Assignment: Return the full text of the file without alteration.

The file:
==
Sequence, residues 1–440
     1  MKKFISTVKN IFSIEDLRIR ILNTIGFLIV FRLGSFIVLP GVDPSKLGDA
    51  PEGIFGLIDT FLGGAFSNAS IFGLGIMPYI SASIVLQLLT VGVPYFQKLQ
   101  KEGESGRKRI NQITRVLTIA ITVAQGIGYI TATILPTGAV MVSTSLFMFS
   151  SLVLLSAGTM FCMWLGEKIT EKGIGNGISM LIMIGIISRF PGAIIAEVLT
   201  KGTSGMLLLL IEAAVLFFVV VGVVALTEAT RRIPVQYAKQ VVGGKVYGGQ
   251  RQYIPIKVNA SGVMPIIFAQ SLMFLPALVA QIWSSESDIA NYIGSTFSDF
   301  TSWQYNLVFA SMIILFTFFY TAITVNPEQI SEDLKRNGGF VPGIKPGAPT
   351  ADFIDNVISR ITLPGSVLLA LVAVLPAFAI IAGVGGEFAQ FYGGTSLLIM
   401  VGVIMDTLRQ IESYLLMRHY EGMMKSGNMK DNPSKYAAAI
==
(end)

Sequence, residues 1–440
     1  MKKFISTVKN IFSIEDLRIR ILNTIGFLIV FRLGSFIVLP GVDPSKLGDA
    51  PEGIFGLIDT FLGGAFSNAS IFGLGIMPYI SASIVLQLLT VGVPYFQKLQ
   101  KEGESGRKRI NQITRVLTIA ITVAQGIGYI TATILPTGAV MVSTSLFMFS
   151  SLVLLSAGTM FCMWLGEKIT EKGIGNGISM LIMIGIISRF PGAIIAEVLT
   201  KGTSGMLLLL IEAAVLFFVV VGVVALTEAT RRIPVQYAKQ VVGGKVYGGQ
   251  RQYIPIKVNA SGVMPIIFAQ SLMFLPALVA QIWSSESDIA NYIGSTFSDF
   301  TSWQYNLVFA SMIILFTFFY TAITVNPEQI SEDLKRNGGF VPGIKPGAPT
   351  ADFIDNVISR ITLPGSVLLA LVAVLPAFAI IAGVGGEFAQ FYGGTSLLIM
   401  VGVIMDTLRQ IESYLLMRHY EGMMKSGNMK DNPSKYAAAI